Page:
Reduced Risk-Taking After Prior Losses in Pathological Gamblers Under Treatment and Healthy Control Group but not in Problem Gamblers
A group of pathological gamblers and a group of problem gamblers (i.e., gamblers at risk of becoming pathological) were compared to healthy controls on their risk-taking propensity after prior losses. Each participant played both the Balloon Analogue Risk Taking task (BART) and a modified version of the same task, where individuals face five repeated predetermined early losses at the onset of the game. No significant difference in risk-taking was found between groups on the standard BART task, while significant differences emerged when comparing behaviors in the two tasks: both pathological gamblers and controls reduced their risk-taking tendency after prior losses in the modified BART compared to the standard BART, whereas problem gamblers showed no reduction in risk-taking after prior losses. We interpret these results as a sign of a reduced sensitivity to negative feedback in problem gamblers which might contribute to explain their loss-chasing tendency.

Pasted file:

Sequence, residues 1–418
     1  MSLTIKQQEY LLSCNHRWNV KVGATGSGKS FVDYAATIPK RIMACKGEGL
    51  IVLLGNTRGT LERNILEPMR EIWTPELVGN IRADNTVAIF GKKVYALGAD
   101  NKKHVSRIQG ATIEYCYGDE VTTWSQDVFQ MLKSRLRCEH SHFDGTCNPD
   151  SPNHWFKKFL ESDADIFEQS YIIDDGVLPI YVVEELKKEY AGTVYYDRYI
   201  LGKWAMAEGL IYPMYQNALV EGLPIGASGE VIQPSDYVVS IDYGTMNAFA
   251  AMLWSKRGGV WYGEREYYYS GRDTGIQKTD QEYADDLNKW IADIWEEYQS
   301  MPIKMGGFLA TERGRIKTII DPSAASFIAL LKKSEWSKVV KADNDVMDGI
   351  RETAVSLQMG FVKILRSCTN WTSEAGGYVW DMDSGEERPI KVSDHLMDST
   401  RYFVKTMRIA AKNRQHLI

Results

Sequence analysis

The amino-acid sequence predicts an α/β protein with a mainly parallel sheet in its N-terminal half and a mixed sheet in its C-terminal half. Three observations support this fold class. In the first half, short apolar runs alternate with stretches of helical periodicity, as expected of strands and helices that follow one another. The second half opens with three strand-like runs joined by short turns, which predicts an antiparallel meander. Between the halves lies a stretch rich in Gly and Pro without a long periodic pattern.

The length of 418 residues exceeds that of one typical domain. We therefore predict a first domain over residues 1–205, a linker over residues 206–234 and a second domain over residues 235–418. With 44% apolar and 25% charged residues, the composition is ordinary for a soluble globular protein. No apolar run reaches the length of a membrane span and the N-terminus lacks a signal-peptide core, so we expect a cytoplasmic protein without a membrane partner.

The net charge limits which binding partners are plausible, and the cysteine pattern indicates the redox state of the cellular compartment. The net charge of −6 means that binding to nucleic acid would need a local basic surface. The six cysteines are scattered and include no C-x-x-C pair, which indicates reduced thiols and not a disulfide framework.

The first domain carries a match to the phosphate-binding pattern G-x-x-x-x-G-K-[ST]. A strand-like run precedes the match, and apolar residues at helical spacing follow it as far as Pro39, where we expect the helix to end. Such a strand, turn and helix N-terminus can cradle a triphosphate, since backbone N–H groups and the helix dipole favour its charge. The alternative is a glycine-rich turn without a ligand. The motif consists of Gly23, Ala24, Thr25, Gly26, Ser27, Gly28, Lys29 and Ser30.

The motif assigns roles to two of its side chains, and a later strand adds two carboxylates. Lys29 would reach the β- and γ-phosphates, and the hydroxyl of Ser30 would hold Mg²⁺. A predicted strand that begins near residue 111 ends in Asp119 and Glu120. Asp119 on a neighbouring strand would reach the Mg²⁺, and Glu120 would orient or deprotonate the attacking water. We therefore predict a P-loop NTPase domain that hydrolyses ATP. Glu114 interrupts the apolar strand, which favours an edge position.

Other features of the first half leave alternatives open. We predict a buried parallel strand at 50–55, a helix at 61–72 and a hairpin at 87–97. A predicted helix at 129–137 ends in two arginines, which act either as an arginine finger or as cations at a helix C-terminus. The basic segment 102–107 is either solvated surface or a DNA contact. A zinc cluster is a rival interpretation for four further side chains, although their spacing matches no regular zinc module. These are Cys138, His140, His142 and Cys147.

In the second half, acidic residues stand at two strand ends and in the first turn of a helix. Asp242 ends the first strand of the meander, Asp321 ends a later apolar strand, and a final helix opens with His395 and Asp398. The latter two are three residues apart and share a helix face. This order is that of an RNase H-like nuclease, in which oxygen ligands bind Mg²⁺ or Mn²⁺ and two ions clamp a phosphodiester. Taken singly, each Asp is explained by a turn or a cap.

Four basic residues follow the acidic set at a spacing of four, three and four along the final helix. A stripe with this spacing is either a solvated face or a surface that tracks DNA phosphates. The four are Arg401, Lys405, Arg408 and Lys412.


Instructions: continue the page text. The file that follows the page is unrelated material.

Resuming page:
KeywordsRisk-taking Prior losses Pathological gambling Loss-chasing Negative feedback Resilience
This study was funded by the Autonomous Province of Trento (PAT) (“Pre.GIO.—Monitoraggio e prevenzione del gioco d’azzardo patologico in Trentino”, Atto esecutivo 2013, Area di ricerca 1—Rapporti sulla sicurezza in Trentino—Linea di attività 2). This experiment (Nicolao Bonini, P.I.) was part of that more extensive research project.
Compliance with Ethical Standards
Conflict of interest
Nicolao Bonini declares that he has no conflict of interest. Alessandro Grecucci declares that he has no conflict of interest. Manuel Nicolè declares that he has no conflict of interest. Lucia Savadori declares that she has no conflict of interest.
All procedures performed in studies involving human participants were in accordance with the ethical standards of the institutional research committee and with the 1964 Helsinki declaration and its later amendments or comparable ethical standards.
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